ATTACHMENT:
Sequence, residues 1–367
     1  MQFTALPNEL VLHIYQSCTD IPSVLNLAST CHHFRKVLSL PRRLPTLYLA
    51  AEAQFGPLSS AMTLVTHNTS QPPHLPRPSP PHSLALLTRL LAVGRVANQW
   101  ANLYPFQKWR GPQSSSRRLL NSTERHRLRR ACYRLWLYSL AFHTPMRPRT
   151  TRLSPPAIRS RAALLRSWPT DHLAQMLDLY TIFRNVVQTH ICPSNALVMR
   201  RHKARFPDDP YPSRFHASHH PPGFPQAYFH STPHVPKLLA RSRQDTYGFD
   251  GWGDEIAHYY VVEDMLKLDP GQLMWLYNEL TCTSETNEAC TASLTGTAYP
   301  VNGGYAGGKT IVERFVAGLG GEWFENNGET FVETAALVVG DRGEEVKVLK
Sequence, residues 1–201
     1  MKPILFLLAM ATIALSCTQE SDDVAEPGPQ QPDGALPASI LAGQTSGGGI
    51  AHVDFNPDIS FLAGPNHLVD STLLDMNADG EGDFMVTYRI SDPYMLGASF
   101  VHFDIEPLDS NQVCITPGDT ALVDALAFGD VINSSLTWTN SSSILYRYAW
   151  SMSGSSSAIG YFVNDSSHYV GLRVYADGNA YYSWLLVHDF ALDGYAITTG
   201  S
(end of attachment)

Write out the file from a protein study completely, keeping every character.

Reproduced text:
Sequence, residues 1–367
     1  MQFTALPNEL VLHIYQSCTD IPSVLNLAST CHHFRKVLSL PRRLPTLYLA
    51  AEAQFGPLSS AMTLVTHNTS QPPHLPRPSP PHSLALLTRL LAVGRVANQW
   101  ANLYPFQKWR GPQSSSRRLL NSTERHRLRR ACYRLWLYSL AFHTPMRPRT
   151  TRLSPPAIRS RAALLRSWPT DHLAQMLDLY TIFRNVVQTH ICPSNALVMR
   201  RHKARFPDDP YPSRFHASHH PPGFPQAYFH STPHVPKLLA RSRQDTYGFD
   251  GWGDEIAHYY VVEDMLKLDP GQLMWLYNEL TCTSETNEAC TASLTGTAYP
   301  VNGGYAGGKT IVERFVAGLG GEWFENNGET FVETAALVVG DRGEEVKVLK
Sequence, residues 1–201
     1  MKPILFLLAM ATIALSCTQE SDDVAEPGPQ QPDGALPASI LAGQTSGGGI
    51  AHVDFNPDIS FLAGPNHLVD STLLDMNADG EGDFMVTYRI SDPYMLGASF
   101  VHFDIEPLDS NQVCITPGDT ALVDALAFGD VINSSLTWTN SSSILYRYAW
   151  SMSGSSSAIG YFVNDSSHYV GLRVYADGNA YYSWLLVHDF ALDGYAITTG
   201  S